CO2Land org then felt compelled to research this story further and then noted the Southern Free Times has been running stories on the progress of the proposal by Ergon Energy to build an additional power line to supply the Stanthorpe area. A quick check indicated this means 3 supply lines to cater for the area. (Stanthorpe – translated as old English meaning ‘tin town’ – is a town situated in south east Queensland, Australia. The town lies on the New England Highway near the New South Wales border 223 km from Brisbane via Warwick, 56 km north of Tenterfield and 811 m above sea level. The area surrounding the town is known as the Granite Belt. At the 2011 census, Stanthorpe had a population of 5,385.)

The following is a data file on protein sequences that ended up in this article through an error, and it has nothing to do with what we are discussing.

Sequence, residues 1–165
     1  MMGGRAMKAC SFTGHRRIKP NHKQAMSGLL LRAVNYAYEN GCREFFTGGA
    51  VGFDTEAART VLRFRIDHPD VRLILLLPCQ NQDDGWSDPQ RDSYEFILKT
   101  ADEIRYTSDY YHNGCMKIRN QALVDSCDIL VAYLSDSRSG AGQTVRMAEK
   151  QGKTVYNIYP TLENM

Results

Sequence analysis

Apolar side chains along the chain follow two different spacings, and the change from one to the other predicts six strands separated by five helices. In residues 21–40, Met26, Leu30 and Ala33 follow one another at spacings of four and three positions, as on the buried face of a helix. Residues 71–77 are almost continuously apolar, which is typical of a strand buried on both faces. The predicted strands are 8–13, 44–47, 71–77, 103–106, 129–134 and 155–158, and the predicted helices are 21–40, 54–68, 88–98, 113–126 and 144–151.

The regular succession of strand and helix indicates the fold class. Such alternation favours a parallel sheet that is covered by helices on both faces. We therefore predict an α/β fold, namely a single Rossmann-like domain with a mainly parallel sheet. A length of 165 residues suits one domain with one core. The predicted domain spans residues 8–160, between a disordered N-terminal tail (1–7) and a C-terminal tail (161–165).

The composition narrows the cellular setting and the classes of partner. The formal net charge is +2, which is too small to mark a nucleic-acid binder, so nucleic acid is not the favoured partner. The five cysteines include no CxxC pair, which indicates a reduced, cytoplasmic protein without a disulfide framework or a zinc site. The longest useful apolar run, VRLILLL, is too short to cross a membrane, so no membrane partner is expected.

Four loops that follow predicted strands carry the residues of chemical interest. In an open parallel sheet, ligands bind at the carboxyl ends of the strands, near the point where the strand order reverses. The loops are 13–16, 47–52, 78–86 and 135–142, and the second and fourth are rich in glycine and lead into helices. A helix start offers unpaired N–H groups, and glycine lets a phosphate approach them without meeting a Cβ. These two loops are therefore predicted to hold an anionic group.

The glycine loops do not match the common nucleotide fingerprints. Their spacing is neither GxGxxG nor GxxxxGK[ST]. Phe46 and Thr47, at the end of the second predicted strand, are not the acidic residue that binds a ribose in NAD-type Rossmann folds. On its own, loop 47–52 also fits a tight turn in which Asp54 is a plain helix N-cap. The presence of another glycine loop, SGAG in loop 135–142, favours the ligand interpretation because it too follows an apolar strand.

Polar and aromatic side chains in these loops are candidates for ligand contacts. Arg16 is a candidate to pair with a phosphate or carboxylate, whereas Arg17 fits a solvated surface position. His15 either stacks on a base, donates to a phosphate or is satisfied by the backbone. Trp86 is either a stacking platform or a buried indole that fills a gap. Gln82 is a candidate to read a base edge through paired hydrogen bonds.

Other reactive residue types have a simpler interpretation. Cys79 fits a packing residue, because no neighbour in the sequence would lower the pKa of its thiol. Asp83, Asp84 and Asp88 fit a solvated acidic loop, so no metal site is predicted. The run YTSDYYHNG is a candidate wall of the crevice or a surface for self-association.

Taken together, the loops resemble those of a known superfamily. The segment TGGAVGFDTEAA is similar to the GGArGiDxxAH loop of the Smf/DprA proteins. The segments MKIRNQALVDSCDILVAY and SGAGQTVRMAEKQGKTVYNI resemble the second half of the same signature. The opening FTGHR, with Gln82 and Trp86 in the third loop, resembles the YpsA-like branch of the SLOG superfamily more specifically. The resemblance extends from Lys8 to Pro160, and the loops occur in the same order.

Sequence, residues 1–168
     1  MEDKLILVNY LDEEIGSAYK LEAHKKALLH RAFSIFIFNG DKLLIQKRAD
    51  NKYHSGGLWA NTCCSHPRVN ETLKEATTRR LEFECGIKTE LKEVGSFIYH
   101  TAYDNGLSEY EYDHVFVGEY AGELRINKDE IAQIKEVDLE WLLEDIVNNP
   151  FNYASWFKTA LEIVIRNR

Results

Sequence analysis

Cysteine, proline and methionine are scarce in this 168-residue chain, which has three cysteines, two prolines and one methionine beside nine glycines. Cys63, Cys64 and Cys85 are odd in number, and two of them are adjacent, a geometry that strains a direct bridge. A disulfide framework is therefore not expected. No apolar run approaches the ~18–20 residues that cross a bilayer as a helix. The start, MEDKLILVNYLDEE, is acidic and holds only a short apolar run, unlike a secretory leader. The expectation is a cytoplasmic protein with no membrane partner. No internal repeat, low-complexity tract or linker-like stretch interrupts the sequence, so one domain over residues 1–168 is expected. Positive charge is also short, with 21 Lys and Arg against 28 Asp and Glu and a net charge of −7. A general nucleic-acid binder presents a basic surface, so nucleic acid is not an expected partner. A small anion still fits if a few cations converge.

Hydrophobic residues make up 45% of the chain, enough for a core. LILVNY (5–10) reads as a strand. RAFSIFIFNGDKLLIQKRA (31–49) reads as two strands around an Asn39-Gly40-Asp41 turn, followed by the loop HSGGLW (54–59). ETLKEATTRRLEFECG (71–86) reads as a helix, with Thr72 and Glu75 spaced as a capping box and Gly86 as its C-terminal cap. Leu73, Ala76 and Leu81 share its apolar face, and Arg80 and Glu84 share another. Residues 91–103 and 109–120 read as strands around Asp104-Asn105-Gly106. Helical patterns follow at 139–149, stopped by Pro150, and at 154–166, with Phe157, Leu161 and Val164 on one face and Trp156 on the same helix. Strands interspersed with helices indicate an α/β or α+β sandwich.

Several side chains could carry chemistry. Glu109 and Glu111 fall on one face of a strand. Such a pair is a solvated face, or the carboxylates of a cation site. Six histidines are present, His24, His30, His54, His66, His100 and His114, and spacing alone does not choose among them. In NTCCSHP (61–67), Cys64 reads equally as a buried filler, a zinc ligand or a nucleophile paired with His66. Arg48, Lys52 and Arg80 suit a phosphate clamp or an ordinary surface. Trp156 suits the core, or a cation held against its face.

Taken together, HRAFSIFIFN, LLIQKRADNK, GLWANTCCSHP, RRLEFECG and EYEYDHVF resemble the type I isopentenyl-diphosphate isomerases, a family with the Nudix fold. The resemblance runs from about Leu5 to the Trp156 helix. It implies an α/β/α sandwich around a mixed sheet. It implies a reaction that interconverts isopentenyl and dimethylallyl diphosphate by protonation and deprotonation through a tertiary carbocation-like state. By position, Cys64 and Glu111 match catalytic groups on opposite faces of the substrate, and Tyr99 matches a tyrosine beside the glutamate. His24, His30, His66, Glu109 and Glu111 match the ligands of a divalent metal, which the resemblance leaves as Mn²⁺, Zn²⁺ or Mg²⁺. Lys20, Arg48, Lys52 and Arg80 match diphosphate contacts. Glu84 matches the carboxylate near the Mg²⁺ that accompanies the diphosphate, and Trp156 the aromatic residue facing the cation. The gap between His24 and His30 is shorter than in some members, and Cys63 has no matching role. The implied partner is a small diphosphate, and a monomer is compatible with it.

According to the local government council, the population of the Southern Downs Region has increased over the past 5 years at an annual average rate of 1.4%.  They say this rate is above the national average for inland regions not affected by the current resources boom. They also say the population increase has been brought about partly by the “tree change” phenomenon, and partly by the affordability of high quality housing – currently averaging 40% less than Brisbane prices. That said it would be hard for Ergon Energy to argue population growth numbers justifying such a large expenditure on an underutilized power line – at a community expense, certainly not justified for at least another 10 years without a resources boom planned!